It's been a busy week in Minnesota's crowded race for governor.
Three days after Republican Norm Coleman announced he wouldn't join the race, Democrat Mark Dayton gathered with supporters at the Capitol to officially launch a campaign that he started a year ago.
Meanwhile, two more Independence Party candidates, who are both former Republicans, have announced they plan to run.
There are a dozen Democrats running for governor this year. And former U.S. Sen. Mark Dayton, who plans to run in a primary without the DFL endorsement, has been there from the start.
Dayton waited a full year after filing his campaign paperwork to hold a formal gathering to announce his candidacy. The event was part rally, part news conference, but Dayton cut off reporters after taking three questions.
During a 10-minute speech, Dayton said he would provide proven leadership as governor.
"It's time for a new governor to lead us in a new and better direction, to the greatness that Minnesotans deserve," said Dayton. "I will be that governor, who will devote all of my energies to serving the people of this great state and leading us toward a better Minnesota."
Recent polls show Dayton leading the DFL field, and he's picked up two key union endorsements. But Republicans were quick to dismiss Dayton as a flawed candidate running on a failed record.
Michael Brodkorb, deputy chairman of the state Republican Party, says it's only Dayton's personal wealth that makes him a credible candidate, and even that won't be enough to win.
There are seven Republicans in the race, and after lots of speculation, former U.S. Sen. Norm Coleman said this week he would not add his name to the list. Brodkorb says the GOP field is now set, and he likes the party's chances.
"I think there's energy, there's enthusiasm on the Republican side. I think our message is winnable," said Brodkorb. "It's sellable to the Minnesota voter, and I think our candidates are going to be just fine."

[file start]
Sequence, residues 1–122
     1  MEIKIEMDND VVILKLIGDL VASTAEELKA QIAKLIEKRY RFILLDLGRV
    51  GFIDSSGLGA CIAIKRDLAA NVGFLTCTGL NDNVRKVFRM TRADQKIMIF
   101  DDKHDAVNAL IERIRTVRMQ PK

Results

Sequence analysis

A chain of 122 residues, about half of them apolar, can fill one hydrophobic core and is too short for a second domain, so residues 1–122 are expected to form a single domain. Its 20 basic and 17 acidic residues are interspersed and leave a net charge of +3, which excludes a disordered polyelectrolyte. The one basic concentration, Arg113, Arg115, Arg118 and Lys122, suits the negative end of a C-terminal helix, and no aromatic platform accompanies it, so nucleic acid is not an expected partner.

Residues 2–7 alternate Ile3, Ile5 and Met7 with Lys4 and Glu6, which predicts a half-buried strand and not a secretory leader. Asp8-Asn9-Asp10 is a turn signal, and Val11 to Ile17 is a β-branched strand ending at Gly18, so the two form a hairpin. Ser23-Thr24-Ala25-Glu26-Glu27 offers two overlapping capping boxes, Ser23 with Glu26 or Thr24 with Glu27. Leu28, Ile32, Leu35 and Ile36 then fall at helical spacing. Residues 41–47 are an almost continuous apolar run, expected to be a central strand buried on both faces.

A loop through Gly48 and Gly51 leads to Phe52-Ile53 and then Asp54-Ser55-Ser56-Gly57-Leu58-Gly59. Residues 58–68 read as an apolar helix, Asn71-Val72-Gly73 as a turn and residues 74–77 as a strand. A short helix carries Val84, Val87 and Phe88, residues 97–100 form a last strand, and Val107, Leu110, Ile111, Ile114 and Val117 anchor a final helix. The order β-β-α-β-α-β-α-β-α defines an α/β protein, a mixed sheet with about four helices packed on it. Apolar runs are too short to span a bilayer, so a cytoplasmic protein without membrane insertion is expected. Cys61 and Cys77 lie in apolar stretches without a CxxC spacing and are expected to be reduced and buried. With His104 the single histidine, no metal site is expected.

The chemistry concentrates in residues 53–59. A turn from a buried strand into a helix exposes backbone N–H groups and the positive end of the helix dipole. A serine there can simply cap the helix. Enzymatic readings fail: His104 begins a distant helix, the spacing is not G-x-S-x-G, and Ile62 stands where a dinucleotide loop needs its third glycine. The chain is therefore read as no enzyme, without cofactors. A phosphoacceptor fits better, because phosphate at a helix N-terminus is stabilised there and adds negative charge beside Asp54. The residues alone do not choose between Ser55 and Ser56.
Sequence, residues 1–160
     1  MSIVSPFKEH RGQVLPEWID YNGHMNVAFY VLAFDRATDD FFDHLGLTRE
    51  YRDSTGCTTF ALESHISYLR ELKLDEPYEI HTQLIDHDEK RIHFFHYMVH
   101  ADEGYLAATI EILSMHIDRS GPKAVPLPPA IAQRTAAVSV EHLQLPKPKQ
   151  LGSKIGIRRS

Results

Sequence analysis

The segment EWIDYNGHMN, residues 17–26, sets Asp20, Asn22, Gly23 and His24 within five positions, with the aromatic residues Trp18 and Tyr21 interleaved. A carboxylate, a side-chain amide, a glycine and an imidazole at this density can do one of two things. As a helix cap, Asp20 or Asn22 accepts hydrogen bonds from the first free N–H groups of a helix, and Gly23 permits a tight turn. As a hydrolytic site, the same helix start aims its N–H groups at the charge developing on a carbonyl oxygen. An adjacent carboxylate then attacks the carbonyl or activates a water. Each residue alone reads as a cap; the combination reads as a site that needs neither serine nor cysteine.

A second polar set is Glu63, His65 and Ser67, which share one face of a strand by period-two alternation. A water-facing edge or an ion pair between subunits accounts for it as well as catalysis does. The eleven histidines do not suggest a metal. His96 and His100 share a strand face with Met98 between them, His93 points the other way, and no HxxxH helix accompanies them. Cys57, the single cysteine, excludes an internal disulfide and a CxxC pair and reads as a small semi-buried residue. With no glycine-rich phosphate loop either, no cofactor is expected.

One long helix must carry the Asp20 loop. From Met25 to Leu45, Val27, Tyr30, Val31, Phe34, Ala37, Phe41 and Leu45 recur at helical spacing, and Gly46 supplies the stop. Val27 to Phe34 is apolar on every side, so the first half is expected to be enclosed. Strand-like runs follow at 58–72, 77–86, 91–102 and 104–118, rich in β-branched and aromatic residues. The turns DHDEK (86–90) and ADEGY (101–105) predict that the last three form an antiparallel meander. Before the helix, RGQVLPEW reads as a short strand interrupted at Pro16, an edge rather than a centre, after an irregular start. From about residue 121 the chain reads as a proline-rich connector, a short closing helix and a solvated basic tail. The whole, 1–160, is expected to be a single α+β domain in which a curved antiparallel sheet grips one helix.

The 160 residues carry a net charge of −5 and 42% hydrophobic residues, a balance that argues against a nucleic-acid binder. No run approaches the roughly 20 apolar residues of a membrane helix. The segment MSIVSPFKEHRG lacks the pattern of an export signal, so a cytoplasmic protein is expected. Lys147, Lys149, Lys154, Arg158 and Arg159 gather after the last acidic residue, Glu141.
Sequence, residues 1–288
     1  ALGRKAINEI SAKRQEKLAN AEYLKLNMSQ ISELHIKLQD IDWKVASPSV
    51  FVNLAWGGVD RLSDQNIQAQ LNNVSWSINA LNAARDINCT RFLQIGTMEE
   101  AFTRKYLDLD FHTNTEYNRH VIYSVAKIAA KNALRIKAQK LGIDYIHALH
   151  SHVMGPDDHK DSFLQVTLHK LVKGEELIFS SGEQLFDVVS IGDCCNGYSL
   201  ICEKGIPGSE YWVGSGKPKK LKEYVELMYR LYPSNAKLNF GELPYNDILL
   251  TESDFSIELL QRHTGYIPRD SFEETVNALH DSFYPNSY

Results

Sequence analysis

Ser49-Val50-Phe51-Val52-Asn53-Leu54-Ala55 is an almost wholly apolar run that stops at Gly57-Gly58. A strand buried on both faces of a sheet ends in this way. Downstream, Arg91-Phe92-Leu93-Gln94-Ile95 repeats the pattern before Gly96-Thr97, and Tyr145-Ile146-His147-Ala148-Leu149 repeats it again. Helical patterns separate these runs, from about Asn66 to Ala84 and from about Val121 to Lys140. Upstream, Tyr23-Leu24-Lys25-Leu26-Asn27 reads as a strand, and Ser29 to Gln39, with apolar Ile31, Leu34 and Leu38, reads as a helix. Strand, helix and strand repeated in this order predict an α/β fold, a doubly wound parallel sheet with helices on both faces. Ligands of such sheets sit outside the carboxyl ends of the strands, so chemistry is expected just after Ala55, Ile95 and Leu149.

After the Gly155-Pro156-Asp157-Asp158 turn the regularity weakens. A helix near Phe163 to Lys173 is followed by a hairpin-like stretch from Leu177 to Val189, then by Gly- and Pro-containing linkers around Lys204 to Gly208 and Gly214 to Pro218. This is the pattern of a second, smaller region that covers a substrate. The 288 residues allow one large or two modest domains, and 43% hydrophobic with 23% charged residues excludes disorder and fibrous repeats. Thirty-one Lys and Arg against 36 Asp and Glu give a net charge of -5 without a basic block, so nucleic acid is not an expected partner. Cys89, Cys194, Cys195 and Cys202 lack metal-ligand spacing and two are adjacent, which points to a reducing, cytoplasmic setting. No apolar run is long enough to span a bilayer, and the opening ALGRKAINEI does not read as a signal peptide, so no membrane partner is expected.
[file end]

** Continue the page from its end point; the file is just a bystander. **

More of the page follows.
Brodkorb is also downplaying the potential impact of a new Independence Party of Minnesota candidate. The growing IP field now includes Joe Repya of Eagan, a former GOP activist and retired Army lieutenant colonel who ran unsuccessfully for Republican Party chairman in 2007.
Repya says he's grown frustrated by Republicans and Democrats, and their inability to solve the state's financial problems.
"We need a leader that the people will trust and will bring people together for the good of Minnesota, not the for the good of some political ideology. And that's the problem we have today in Minnesota," said Repya.
Another former Republican activist is also getting ready to run for governor under the IP banner. Tom Horner, co-founder of the Twin Cities public relations firm Himle Horner, says he'll file paperwork later this week in an effort to at least explore whether he can win this fall.
Horner, a longtime political analyst for Minnesota Public Radio News, once served as chief of staff to former Republican Sen. Dave Durenberger. He says he wants to give voters a good alternative.
"I'll be able to show a 30-year record of involvement in Minnesota public policy and politics, a 30-year record of really building coalitions and bring people together around common sense solutions, and around solutions that really do reflect the interest and wishes of most Minnesotans," said Horner.
The Independence Party still has major-party status in Minnesota, even though it hasn't had an election victory since Gov. Jesse Ventura in 1998. All three major parties will begin the process of selecting candidates during precinct caucuses on Feb. 2.